The history of scribal hand identification in Codex Sinaiticus is a fairly complicated one. The most recent identification, splitting the work of Tischendorf’s scribe B in B1 and B2, was attempted by Amy Myshrall in a 2015 contribution, as a result of the work on the Codex Sinaiticus digitizing project completed in 2009. This article will assess the argument proposed by Amy Myshrall for distinguishing the two new scribes, and it argues that there is not enough reason to adopt the newly proposed distinction.
It’s still on the pricey side, but CBD currently has the Hendrickson facsimile of Codex Sinaiticus on sale for $499, $300 off the normal retail price. According to CBD’s product page,
Hendrickson Publishers, in conjunction with the British Library, is now releasing a limited number of full color facsimiles of the entire Codex Sinaiticus. This edition includes both the Old and New Testaments, represented by “life size” pages (13.5″ x 16.5″).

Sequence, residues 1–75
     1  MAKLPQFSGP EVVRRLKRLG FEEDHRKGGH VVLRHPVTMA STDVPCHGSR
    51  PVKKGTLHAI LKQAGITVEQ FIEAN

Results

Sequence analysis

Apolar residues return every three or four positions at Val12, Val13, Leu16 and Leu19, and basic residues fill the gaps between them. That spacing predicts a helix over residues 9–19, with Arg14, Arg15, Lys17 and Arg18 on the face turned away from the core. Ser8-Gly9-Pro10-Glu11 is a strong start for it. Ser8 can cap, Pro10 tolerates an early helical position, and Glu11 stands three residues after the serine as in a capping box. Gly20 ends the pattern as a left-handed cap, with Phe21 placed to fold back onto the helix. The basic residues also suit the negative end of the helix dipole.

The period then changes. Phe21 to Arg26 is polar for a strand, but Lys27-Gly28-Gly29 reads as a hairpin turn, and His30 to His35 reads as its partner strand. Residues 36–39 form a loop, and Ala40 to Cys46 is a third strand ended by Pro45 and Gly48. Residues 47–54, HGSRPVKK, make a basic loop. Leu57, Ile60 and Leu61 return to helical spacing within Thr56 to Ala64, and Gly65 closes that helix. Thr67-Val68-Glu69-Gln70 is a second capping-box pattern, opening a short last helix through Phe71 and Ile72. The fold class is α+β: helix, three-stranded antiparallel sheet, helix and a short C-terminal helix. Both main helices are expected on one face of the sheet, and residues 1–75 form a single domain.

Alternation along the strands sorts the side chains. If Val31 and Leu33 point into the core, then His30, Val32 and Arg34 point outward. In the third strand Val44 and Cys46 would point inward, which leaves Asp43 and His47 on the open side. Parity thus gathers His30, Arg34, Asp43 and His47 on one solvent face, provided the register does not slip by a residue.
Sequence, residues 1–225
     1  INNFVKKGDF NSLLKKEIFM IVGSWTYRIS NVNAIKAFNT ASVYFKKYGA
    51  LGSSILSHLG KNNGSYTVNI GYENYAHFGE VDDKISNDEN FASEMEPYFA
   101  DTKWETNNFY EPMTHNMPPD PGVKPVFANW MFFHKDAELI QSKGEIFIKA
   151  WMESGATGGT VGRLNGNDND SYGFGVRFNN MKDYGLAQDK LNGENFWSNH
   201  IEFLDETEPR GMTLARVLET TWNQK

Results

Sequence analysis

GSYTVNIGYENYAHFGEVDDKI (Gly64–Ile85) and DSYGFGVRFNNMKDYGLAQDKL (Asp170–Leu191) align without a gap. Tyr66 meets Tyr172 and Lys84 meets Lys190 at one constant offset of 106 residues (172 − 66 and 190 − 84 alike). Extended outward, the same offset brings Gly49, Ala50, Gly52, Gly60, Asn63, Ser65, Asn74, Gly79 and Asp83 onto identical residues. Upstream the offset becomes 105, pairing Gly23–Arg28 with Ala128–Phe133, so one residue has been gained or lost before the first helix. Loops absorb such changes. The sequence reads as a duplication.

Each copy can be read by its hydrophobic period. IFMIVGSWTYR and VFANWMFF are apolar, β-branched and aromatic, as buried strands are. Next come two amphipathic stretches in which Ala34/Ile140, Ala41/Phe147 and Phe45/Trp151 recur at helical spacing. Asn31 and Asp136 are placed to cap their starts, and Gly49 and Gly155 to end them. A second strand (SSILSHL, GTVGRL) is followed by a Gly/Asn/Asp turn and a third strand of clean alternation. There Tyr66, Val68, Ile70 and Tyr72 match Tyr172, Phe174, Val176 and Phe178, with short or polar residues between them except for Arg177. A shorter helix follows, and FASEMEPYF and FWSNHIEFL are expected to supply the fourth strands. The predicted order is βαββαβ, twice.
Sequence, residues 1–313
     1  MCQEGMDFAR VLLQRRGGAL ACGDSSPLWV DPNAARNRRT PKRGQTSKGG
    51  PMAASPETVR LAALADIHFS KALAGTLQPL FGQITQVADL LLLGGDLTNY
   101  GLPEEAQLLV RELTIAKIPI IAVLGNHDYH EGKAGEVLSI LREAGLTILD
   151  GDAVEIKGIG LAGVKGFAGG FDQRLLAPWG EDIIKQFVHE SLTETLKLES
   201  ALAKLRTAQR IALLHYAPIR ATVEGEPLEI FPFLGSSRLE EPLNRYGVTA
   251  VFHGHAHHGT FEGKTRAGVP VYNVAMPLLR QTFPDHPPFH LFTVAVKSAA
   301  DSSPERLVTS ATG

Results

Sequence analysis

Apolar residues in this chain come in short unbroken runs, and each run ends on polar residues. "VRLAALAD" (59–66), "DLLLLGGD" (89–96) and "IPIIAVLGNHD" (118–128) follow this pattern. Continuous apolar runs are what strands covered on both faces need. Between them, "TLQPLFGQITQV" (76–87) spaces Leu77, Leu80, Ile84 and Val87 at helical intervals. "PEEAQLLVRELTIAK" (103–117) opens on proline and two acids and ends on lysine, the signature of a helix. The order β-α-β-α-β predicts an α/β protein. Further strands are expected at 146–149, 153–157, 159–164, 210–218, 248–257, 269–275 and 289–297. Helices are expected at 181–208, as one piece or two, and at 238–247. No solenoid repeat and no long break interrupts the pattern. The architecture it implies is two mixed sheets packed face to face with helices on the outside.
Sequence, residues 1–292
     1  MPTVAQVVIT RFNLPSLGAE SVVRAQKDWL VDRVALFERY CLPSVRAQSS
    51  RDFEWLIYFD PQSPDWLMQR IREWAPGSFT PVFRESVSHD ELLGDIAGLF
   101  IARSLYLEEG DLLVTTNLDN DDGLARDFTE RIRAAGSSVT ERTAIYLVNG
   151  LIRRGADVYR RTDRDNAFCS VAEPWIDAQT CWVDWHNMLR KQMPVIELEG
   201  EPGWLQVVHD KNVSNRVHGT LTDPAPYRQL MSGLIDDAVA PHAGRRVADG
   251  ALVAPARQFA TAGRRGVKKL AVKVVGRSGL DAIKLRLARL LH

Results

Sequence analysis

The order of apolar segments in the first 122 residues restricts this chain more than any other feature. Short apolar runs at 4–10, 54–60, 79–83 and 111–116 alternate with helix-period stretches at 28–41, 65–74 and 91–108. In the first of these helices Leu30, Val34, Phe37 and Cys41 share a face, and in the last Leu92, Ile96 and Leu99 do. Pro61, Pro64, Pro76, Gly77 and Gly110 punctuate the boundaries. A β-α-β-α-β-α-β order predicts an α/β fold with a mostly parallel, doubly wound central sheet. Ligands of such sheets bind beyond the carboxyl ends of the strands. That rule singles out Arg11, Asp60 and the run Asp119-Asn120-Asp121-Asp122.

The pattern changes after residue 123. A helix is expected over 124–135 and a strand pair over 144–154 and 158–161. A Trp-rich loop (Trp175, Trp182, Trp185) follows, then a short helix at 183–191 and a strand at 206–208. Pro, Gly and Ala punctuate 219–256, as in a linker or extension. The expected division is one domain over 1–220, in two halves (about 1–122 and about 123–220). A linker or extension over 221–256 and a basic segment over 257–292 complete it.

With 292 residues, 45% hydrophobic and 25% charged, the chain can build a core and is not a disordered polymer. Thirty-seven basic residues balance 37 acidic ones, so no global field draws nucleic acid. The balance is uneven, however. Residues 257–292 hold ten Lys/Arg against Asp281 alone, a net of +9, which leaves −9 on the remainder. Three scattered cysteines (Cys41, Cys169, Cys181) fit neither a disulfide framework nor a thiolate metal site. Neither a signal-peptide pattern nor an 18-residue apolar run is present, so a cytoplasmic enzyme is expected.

Totaling 828 pages, the facsimile edition comes in hardback binding accompanied by a sturdy slip case that is designed to provide support the weight of the facsimiles pages (app. 25lbs) and prevent them from tearing away from the back binding, as is common with many large hardback books. Finally the Codex Sinaiticus facsimile edition comes with a 32 page booklet that provides a brief outline of the history, discovery and immense value of this rare piece of history.
For more information or to order, please see here.